MASTERS OF REALITY “When making the first three albums we were sober. We couldn’t afford any drugs,” Black Sabbath bassist Geezer Butler enlightens. Wes Holland also learns the band’s radio call-out the first time Sabbath graced our shores was a masterstroke: “When we got back to our hotel there was a queue of women outside. It was very pleasurable.”

he idea of a “new Black Sabbath” album with Ozzy Osbourne at the helm is a difficult concept to get one’s head around. A whole legion of Sabbath obsessives, young and old, have spent much of their lives smashing the eight records the band released in the ‘70s to death. No one ever saw a proper comeback album on the cards and yet here we are 35 years later with 13. What’s more, only moments after becoming one of the first people in the world to hear 13, this scribe scores the added bonus of going toe to toe with one of rock’s great bassists: Geezer Butler.


In town playing some of their first shows outside the UK since reforming with Ozzy (well, minus drummer Bill Ward who sadly couldn’t get his contract sorted with the band), Sabbath’s Australian gigs coincide with the new album being announced. And so a handful of journalists and record label people are invited to a pre-release album preview sandwiched in between Sabbath’s two Melbourne shows. We are shuffled into a back room at the Park Hyatt, have our phones confiscated and our persons scanned with metal detectors before taking our seats. We all sit in a circle. Led in by a couple of bodyguards, Tony Iommi, Geezer Butler and Ozzy Osbourne enter the room – outrageous! They look fantastic. Osbourne semi-coherently mutters something along the lines of, “We hope you enjoy listening to it as much as we enjoyed making it.” It’s a great record and we feel very privileged to have heard it in a situation such as this. An hour or so later, the opportunity arises to thank Butler for letting us experience 13 so long before it’s even released. “It’s probably the first time we’ve heard it, too,” the bassist admits. “We’ve still got three songs we put down [that] none of us have even heard since we recorded them. We left it to our producer Rick Ruben to choose the tracks for the album.”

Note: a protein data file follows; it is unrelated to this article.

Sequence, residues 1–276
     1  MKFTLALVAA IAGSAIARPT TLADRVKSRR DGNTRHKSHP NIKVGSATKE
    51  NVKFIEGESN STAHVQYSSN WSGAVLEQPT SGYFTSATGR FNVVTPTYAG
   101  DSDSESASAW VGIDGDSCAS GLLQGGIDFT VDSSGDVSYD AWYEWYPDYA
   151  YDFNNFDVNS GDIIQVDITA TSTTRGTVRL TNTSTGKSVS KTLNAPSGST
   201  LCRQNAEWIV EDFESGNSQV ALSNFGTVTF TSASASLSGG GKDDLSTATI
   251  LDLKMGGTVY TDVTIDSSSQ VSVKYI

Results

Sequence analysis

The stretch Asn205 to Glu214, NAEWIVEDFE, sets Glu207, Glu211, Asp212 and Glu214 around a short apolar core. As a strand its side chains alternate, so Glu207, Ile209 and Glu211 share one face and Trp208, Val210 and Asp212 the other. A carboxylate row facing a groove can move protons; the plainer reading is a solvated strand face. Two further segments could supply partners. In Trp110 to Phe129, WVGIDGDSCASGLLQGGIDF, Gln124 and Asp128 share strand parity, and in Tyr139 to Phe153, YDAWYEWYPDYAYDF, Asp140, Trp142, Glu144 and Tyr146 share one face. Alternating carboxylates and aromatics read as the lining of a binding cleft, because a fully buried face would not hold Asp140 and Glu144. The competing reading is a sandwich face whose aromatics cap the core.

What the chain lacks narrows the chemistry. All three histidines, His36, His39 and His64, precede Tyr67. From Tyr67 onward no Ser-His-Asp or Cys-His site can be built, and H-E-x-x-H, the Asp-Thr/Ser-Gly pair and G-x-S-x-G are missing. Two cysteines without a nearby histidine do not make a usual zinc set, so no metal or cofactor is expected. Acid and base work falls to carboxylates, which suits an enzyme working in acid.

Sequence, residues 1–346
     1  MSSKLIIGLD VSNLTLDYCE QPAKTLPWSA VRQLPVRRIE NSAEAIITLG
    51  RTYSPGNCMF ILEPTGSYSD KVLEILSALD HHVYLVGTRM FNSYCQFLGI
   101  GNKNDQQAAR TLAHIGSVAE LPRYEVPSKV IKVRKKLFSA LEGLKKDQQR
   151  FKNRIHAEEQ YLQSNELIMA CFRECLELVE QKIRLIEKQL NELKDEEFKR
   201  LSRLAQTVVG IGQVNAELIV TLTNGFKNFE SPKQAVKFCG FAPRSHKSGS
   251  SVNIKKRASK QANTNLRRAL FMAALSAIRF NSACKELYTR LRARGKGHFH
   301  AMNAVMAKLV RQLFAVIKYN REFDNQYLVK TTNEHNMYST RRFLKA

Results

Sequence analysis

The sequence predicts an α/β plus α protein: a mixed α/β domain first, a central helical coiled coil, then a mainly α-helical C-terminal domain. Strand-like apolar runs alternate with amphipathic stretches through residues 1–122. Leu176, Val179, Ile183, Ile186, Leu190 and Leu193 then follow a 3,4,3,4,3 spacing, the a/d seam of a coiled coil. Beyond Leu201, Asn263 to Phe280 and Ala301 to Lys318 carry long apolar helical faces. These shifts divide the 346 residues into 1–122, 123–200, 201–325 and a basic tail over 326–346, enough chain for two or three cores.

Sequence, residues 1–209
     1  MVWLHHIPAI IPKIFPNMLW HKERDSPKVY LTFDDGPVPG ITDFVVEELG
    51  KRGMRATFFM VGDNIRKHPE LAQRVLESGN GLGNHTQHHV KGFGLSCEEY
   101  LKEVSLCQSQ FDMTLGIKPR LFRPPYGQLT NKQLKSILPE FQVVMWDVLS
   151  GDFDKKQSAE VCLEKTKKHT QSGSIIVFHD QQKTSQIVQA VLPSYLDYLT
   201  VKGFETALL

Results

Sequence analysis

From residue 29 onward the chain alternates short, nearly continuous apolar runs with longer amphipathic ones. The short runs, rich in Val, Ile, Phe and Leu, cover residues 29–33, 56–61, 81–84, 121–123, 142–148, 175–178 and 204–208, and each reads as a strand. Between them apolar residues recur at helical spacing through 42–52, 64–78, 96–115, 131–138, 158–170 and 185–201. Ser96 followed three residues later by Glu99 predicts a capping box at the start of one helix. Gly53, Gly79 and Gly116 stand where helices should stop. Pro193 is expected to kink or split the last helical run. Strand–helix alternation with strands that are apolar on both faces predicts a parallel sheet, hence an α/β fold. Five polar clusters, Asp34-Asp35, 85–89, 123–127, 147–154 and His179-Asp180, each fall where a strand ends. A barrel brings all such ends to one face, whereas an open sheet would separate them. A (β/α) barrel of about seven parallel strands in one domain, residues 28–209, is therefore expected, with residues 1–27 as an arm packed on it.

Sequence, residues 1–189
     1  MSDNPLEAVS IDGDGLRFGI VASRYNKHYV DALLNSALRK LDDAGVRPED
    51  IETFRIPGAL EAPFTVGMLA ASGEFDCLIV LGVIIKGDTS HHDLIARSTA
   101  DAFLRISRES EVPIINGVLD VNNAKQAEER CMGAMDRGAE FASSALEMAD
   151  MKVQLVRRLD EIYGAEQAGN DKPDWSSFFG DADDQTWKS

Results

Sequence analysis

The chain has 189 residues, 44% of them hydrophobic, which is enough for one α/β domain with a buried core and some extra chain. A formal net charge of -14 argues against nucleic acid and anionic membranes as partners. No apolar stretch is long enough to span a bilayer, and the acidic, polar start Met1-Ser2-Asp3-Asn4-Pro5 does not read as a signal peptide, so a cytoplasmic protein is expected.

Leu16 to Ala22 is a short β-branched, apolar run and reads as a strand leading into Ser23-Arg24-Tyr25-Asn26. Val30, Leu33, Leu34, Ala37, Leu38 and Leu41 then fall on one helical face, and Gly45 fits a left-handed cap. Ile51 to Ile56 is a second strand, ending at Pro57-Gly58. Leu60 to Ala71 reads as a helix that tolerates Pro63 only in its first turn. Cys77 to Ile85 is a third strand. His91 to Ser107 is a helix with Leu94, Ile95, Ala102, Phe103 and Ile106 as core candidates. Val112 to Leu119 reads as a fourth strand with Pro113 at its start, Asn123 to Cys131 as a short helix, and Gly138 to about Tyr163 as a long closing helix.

And what about memories from the first time Sabbath played in Australia: a headline slot at the legendary Myponga Festival in South Australia? “I always remember the women,” Butler confesses. “I remember we did a radio show and put the call out: ‘If there’s any girls listening come to our hotel rooms’. When we got back to our hotel there was a queue of women outside. It was very pleasurable.” WHO: Black Sabbath WHAT: 13 (Universal)